Daily List 142
Thursday 24 July 2014
Employment and support allowance and work capability assessments: first report of session 2014-15: report, together with formal minutes relating to the report.
House of Commons papers (2014-15) - 302.
- Corporate Author:
- Work and Pensions Committee
- Dame Anne Begg (chairman)
The Committee calls on the Government to undertake a fundamental redesign of the ESA end-to-end process to ensure that the main purpose of the benefit - helping claimants with health conditions and disabilities to move into employment where this is possible for them - is achieved. This will take some time, but the redesign should be completed before the new multi-provider contract is tendered, which is expected to be in 2018. In the meantime, the Committee recommends a number of changes which should be made now, to help ensure that claimants receive an improved service, and that the outcomes for claimants are more appropriate. One of the key issues which the Report identifies is that ESA is not achieving its purpose of helping people who could work in the short to medium term to move back into employment. One of the reasons for this is that the outcomes of the ESA claims process are too simplistic. Claimants can be found "fit for work" and are then ineligible to claim ESA. Claimants found to have such limited functionality that that they cannot undertake any work-related activity are placed in the Support Group, where they are subject to no work-related conditionality. This leaves a large and disparate middle group of claimants who are not yet fit for work, and may even have a deteriorating condition, but who are required nonetheless to undertake activity which is meant to help them find work in the longer term. These claimants are placed in the Work-related Activity Group (WRAG). The WRAG covers too wide a spectrum of claimants with very different prognoses and employment support needs. The Committee recommends that the ESA redesign should aim to ensure that the process properly identifies claimants' health barriers to employment and the particular support they need, so that the conditionality that they are subject to and the employment support they receive can be tailored more closely to their circumstances.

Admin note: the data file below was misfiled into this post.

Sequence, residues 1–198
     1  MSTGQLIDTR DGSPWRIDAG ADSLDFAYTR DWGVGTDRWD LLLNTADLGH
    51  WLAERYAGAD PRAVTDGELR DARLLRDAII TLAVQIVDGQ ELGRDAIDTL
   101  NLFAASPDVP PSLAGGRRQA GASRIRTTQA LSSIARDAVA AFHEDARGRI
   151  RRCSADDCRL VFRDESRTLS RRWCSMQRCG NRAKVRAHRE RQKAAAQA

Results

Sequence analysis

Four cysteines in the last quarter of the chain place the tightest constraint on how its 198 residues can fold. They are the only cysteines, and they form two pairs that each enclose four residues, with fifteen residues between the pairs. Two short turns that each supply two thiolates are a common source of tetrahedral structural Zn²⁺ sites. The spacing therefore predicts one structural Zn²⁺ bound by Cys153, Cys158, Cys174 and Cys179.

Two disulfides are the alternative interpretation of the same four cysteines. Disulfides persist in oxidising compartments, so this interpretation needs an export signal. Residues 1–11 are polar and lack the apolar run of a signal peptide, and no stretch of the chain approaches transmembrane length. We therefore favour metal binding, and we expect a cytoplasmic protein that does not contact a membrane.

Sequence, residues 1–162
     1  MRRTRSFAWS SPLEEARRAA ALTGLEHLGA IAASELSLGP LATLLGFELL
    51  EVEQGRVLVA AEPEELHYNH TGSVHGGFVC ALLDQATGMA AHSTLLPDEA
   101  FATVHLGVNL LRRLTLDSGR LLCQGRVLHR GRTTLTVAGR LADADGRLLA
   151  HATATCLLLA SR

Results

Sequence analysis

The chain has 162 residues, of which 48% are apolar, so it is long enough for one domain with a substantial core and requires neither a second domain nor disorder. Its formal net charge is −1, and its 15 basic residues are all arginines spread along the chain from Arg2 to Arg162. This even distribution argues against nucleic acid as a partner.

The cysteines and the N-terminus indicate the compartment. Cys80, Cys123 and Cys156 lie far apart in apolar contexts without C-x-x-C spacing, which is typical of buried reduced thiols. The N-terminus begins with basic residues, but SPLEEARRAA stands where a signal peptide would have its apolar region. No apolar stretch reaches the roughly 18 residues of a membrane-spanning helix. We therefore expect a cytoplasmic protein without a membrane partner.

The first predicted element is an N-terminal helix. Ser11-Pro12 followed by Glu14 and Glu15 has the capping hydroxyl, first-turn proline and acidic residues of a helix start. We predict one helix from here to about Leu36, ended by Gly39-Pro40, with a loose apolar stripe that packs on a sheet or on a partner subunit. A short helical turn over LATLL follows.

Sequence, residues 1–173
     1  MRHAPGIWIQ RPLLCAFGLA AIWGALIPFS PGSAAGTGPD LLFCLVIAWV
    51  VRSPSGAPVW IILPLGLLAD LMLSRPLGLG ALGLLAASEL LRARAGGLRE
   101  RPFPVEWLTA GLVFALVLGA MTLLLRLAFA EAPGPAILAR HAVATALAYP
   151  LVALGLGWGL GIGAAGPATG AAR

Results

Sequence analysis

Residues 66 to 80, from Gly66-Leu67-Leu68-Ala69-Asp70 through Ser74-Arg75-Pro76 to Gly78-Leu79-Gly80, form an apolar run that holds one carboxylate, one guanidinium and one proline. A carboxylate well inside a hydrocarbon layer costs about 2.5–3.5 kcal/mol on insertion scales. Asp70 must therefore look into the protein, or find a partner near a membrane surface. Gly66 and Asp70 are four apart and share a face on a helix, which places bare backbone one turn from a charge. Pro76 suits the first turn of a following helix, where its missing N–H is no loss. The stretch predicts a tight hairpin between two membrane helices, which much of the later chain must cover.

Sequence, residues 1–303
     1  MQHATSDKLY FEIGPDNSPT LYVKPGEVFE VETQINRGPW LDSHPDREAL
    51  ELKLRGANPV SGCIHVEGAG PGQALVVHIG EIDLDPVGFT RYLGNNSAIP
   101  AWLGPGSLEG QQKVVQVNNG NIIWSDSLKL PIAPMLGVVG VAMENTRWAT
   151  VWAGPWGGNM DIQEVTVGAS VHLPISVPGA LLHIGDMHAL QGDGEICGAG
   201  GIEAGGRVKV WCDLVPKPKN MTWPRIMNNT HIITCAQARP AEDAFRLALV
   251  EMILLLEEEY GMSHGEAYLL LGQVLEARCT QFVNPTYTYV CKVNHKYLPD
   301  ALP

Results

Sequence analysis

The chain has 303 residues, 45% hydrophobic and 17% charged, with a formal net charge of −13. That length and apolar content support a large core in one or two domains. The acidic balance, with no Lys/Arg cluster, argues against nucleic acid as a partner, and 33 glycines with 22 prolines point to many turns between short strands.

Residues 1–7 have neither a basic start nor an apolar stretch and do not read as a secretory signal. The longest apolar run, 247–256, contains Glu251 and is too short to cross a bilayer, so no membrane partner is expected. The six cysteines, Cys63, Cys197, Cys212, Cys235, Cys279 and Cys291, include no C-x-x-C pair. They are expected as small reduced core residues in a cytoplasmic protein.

The selection and use of essential medicines: report of the WHO Expert Committee, 2013 (including the 18th WHO Model List of Essential Medicines and the 4th WHO Model List for Children).
WHO technical report series 985.
- Corporate Author:
- World Health Organization
This report presents the recommendations of the WHO Expert Committee responsible for updating the WHO Model Lists of Essential Medicines. It contains a summary of the Committee's considerations and justifications for additions and changes to the Model Lists, including its recommendations. Annexes to the main report include the revised version of the WHO Model List of Essential Medicines (18th edition) and the WHO Model List of Essential Medicines for Children (4th edition). In addition there is a list of all the items on the Model Lists sorted according to their Anatomical Therapeutic Chemical (ATC) classification codes.
Czech Republic 2014: raising standards.
OECD reviews of health care quality
- Corporate Author:
- Organisation for Economic Co-operation and Development